Category Archives: Science lesson

What is Tobacco Harm Reduction?

by Carl V Phillips

In response to a couple of recent requests and my schooling of FDA in a recent Twitter thread, it seems time for me to again write a primer on the meaning of tobacco harm reduction (THR). Rather than return to a previous version I have written, I am doing this from scratch. This seems best given the evolution of my thinking and changing circumstances.

The key phrase, of course, is “harm reduction”, with “tobacco” denoting the particular area it is applied to. This is important: THR is not a concept that stands apart from HR. It means “the principles of harm reduction, applied to the use of tobacco and nicotine products, and other products that tend to get lumped in with them” (see my previous post for an explanation of that last bit and some other useful background about the current politics). Indeed, when my university research and education group was trying to decide on a name and URL in 2005, it was far from obvious that this was the right term, and we considered others (e.g., “nicotine harm reduction”). While the first prominent use of “THR” appeared in 2001, it was far from established as a common term. (There is probably some endogeneity here, of course — if we had chosen a different term, that might have ascended instead.) In any case, the key to answering “what is THR” is asking “what is HR” rather than thinking it is something different. Continue reading

FDA’s proposed smokeless tobacco nitrosamine regulation: innumeracy and junk science (postscript)

by Carl V Phillips

For completion of this series (with this footnote), the following is what I submitted to FDA. My comment does not yet(?) appear on the public docket as of this writing. But I got a confirmation (confirmation code 1k1-8xfb-dhwh if you want to search for it later). It has a bit of extra content beyond what I already presented. Continue reading

Sunday Science Lesson: toxicology and “the chains” in American football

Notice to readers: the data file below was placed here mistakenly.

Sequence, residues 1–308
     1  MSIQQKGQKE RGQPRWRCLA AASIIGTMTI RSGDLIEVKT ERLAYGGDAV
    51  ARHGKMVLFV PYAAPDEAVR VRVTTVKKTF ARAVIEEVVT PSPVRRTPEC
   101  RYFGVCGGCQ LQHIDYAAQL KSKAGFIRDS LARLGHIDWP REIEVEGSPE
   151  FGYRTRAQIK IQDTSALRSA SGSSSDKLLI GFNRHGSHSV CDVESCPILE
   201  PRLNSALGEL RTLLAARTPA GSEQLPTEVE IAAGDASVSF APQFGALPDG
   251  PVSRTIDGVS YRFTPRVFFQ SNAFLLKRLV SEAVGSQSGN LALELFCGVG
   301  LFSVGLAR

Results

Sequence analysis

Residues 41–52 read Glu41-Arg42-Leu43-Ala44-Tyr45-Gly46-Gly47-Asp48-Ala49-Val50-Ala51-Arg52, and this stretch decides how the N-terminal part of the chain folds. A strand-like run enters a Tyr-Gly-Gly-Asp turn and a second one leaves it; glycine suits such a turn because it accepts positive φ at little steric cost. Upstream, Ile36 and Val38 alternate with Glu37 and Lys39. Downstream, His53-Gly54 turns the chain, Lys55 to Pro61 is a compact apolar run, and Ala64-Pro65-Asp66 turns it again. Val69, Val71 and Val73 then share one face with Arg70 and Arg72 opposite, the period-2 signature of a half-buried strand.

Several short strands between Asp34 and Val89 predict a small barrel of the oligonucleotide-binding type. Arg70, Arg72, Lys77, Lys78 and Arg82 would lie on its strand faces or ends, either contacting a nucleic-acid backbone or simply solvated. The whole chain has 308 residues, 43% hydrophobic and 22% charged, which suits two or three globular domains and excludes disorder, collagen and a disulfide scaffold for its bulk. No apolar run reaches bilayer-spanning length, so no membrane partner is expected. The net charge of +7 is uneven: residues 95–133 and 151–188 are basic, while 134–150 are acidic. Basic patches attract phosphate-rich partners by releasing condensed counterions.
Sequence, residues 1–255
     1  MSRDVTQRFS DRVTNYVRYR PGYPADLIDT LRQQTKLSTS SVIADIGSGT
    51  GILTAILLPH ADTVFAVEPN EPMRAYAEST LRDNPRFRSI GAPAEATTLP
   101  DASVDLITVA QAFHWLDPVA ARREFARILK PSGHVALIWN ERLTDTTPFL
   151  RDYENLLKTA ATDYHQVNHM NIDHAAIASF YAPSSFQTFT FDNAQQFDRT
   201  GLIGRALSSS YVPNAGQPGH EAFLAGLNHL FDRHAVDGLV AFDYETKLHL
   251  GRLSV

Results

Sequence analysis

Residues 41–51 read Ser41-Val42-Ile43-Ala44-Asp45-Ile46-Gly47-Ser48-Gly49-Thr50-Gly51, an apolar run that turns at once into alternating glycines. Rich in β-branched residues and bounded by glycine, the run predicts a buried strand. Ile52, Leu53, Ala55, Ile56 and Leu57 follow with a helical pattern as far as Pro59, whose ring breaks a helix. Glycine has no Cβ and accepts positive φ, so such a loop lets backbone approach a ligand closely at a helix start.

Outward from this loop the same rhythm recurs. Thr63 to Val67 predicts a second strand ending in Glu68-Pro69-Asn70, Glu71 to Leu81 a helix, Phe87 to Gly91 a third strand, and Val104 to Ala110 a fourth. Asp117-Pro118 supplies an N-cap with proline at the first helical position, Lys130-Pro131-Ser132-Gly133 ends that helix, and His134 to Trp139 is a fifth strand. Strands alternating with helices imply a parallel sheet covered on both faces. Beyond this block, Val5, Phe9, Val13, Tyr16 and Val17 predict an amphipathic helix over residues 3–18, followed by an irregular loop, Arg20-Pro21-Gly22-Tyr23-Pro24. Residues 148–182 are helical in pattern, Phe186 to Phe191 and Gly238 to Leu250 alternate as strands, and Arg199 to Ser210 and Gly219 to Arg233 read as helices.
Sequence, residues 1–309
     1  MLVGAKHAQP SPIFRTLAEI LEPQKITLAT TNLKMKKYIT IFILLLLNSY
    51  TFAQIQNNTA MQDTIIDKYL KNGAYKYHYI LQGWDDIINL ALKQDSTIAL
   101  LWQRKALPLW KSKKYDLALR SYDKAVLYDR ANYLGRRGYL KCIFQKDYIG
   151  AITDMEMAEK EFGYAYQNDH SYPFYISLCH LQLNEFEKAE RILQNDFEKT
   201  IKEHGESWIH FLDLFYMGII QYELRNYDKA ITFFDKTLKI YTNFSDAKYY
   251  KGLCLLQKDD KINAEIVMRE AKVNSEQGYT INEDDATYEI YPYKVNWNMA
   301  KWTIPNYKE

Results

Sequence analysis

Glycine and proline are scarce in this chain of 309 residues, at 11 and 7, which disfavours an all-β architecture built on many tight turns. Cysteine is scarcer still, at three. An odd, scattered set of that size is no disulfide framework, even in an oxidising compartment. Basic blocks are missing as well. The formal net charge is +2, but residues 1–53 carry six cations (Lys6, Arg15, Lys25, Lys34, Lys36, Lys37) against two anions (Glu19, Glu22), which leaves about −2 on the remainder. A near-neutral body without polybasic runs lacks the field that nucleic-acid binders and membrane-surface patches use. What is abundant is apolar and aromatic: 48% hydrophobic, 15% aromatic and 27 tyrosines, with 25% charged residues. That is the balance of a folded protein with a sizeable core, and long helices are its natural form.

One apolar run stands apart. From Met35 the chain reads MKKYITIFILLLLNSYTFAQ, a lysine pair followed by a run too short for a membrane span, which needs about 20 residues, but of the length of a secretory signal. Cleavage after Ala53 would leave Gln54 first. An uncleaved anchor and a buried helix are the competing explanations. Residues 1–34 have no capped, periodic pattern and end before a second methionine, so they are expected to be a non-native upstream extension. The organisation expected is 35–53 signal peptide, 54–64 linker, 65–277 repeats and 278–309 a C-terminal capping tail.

by Carl V Phillips

Those of you who read my series on fatal flaws in FDA’s proposed rule about limiting the nitrosamine NNN in smokeless tobacco (and presumably anyone reading this quick little tangent read those important and carefully crafted posts) might have tripped up over an oddity from the third post in the series. I quoted this from FDA’s proposed rule about how their key number, used for estimating the risk of cancer caused by some quantity of NNN, was calculated: Continue reading

FDA’s proposed smokeless tobacco nitrosamine regulation: innumeracy and junk science (part 3)

by Carl V Phillips

In Part 1 of this series, I described FDA’s proposed rule that would require smokeless tobacco products (ST) to have no more than 1 ppm of NNN (a tobacco-specific nitrosamine or TSNA) dry weight. I discussed some of the political and policy implications of this, and reasons why the rule will probably not survive. I also noted that almost no current products meet that standard, and that American-style ST probably cannot meet it. Despite the proposed rule probably being mooted, I noted there is still value in examining just how bad the ostensibly scientific analysis behind it is. In Part 2, I noted that the FDA’s estimate the standard would save 115 lives per year is premised on their estimate for the risk of oral cancer caused by ST use. But, in fact, the evidence does not support the claim that ST use causes any oral cancer risk. I then focused on why, even if one believes there is some such risk, the method used to calculate FDA’s quantitative estimate is utter junk science. Continue reading